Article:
Founded in 1969, the Marin County Youth Commission (MCYC) is one of the oldest and most well-regarded youth commissions in the United States. Made up of 23 youth aged 12-23 years, MCYC’s goal is to act as a political voice for young people — particularly those in underserved populations, including youth of color, youth with disabilities, homeless youth, rural youth, and LGBTQ youth — by engaging with the Marin County Board of Supervisors and other policy makers.
Lizbeth Mendieta, 10th grader, Co-Chair of MCYC 20/21
At the beginning of each term, MCYC youth leaders identify issues about which they are passionate and meet with community organizations to learn about ongoing efforts to address these issues. They then organize and implement social justice campaigns, which may look like drafting public policy; engaging other youth through trainings and events; and/or conducting community-wide education.
During the 2020-2021 MCYC term, commissioners focused on the following issues areas:
Mental Health – The Mental Health subcommittee worked on developing our Instagram account and growing our social media following (be sure to follow us at @marinmentalhealth!). We created and hosted the 2021 Youth Mental Health Summit, in partnership with National Alliance on Mental Illness Marin, Behavioral Health & Recovery Services, Kara Connors with Suicide Prevention Collaborative and the Board of Supervisors Intern Team. The virtual event brought together 50 youth, aged 14-20 from 22 different schools across Marin and 2 from the greater Bay Area. Participants learned about demystifying mental health, self care, and intersectionality in mental health and were trained in suicide prevention. Kelechi Ubozo, a suicide attempt survivor and mental health advocate, was our powerful special guest. You can read more about this successful event in this Letter to the Editor, written by Commissioners Colette Holcomb and Scarlett Goh for the Marin Independent Journal.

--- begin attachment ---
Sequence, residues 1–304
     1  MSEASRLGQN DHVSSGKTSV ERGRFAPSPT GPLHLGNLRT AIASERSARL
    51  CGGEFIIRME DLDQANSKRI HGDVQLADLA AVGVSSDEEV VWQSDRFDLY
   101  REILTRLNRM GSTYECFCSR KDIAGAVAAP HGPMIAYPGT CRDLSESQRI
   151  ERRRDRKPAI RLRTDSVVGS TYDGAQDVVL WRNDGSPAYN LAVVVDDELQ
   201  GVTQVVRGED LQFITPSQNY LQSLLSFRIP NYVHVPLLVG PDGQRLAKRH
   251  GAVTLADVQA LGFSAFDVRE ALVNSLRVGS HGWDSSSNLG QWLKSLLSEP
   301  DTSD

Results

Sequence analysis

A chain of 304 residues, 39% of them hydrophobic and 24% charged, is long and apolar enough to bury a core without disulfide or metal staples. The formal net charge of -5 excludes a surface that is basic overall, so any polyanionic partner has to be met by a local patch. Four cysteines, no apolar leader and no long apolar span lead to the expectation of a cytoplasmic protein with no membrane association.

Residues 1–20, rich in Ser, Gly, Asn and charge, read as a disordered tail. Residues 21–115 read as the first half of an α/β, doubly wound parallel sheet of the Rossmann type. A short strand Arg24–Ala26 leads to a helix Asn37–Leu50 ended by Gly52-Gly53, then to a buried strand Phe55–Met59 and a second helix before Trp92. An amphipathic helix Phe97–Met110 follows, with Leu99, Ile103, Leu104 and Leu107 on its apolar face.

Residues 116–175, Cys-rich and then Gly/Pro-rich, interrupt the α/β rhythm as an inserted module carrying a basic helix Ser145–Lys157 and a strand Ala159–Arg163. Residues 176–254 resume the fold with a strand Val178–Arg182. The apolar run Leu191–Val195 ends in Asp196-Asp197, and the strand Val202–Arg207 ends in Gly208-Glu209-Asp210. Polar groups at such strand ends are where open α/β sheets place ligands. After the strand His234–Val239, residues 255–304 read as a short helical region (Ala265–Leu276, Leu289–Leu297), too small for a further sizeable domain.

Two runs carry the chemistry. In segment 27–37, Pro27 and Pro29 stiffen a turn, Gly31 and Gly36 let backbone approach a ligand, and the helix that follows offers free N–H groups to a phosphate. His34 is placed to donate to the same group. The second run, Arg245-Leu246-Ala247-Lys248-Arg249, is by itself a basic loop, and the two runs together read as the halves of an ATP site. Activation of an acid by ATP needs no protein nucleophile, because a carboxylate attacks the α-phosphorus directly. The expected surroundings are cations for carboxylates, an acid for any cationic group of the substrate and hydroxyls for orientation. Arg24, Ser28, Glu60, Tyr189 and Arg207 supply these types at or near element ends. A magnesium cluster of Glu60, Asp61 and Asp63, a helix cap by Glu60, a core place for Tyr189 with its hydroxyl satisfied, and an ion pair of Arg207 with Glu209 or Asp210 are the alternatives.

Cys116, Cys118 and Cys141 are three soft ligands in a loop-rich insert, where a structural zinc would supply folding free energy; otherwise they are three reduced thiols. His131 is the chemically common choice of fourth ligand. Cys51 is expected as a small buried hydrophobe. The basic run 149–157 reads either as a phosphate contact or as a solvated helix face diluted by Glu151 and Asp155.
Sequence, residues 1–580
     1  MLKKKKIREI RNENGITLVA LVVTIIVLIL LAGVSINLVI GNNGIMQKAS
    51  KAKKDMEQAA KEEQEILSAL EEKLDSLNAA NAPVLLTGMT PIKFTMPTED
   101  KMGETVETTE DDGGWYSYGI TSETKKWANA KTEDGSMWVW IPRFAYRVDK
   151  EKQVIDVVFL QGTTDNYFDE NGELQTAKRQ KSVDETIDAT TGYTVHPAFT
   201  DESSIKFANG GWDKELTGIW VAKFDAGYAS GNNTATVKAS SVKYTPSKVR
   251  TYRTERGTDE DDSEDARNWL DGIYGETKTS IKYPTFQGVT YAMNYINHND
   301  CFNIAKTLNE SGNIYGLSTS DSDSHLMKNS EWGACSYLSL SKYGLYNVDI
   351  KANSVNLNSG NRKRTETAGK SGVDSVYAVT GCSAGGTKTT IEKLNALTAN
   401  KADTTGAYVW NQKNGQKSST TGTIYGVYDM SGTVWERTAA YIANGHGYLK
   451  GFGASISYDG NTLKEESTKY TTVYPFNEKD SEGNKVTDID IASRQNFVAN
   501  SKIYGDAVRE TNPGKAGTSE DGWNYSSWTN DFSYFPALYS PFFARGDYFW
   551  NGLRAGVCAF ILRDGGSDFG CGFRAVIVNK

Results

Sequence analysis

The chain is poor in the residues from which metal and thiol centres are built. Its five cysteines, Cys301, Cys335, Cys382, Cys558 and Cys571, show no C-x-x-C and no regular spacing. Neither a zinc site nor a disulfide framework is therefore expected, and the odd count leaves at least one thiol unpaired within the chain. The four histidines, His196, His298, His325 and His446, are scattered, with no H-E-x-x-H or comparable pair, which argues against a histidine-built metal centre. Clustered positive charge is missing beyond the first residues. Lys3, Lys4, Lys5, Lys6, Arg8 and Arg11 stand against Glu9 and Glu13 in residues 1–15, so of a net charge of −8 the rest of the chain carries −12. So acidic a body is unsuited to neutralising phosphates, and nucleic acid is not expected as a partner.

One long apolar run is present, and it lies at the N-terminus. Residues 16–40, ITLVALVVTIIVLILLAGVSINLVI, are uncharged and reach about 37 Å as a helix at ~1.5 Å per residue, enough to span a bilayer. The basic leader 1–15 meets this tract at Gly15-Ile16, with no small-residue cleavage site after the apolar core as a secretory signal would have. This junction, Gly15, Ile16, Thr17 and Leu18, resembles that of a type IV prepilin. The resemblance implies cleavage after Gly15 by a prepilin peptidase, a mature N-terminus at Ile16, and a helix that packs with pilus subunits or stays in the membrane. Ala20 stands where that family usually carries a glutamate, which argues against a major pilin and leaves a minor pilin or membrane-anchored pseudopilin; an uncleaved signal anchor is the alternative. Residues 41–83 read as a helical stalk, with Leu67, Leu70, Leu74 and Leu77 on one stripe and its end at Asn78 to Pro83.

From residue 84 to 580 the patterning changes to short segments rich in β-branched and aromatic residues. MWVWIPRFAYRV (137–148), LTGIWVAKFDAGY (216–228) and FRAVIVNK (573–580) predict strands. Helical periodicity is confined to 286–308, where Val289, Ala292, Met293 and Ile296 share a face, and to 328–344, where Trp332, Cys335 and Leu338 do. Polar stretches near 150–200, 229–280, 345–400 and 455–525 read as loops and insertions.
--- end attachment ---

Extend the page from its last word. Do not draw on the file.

Education Equity – The Education Equity committee decided to focus their efforts on bringing Ethnic Studies to Marin County. After gathering research and gaining valuable insight through meeting with Ethnic Studies educators, the committee developed a resolution with the goal of presenting it to the Marin County Office of Education (MCOE) for formal adoption. The resolution calls on MCOE to assist school districts in implementing some form of Ethnic Studies education. To aid their advocacy efforts, the committee developed a petition that currently has more than 200 supporters (sign the petition here!). The petition has also created pathways to partner with other districts and organizations who are interested in advocating for Ethnic Studies.
Racial Equity – This subcommittee strives to create ideas for a more equitable society. After the murder of George Floyd in the summer of 2020, youth felt it necessary to educate youth and teachers about the BIPOC experience in Marin. This year, they planned, hosted, and facilitated virtual Talk Circles for about 25 students of color around Marin to talk about their experiences on campus. They also spent subcommittee meetings processing current events in a safe environment. Additionally, the committee focused on building the capacity of teachers to hold safe spaces in their classrooms. They presented to 20 teachers across 2 districts on ways to support BIPOC students by addressing microaggressions in the classroom. Following the presentation, 8 teachers emailed us for a copy of the slides or a recording of the video to use in their own classrooms.
Alcohol, Tobacco, and Other Drugs Prevention (ATOD) – This year the ATOD subcommittee’s goal was to educate the Marin community on substance use and the risks through educational presentations. ATOD worked closely with the Spahr Center to deliver Narcan trainings. Through the train the trainers model, commissioners learned how to administer Narcan and then trained about 50 community members including giving trainings in Spanish. The ATOD committee also partnered with the Youth Advocacy Council (YAC) of the Marin Prevention Network, held 2 Narcan distributions, held a county wide event to address substance use in Marin, and led a tobacco litter pick-up. Other partnerships included supporting policy work with the Smoke Free Marin Coalition.
Next year, we want to focus on building out a parent engagement component of MCYC, connecting with other county commissions and developing a quarterly newsletter that better shares our work with the community.
Interested in Joining?
Commissioners are appointed by the Board of Supervisors in July for 1-year terms. All Marin County residents between the ages of 12-21 years are eligible — ethnically and culturally diverse youth are highly encouraged to apply. Commissioners are expected to attend a 1-day Intro to Social Justice Training, followed by bi-monthly meetings. Occasional events, like the Social Justice Movie Night and Youth Commission Convention, are additional requirements. Tune in for updates on when to apply!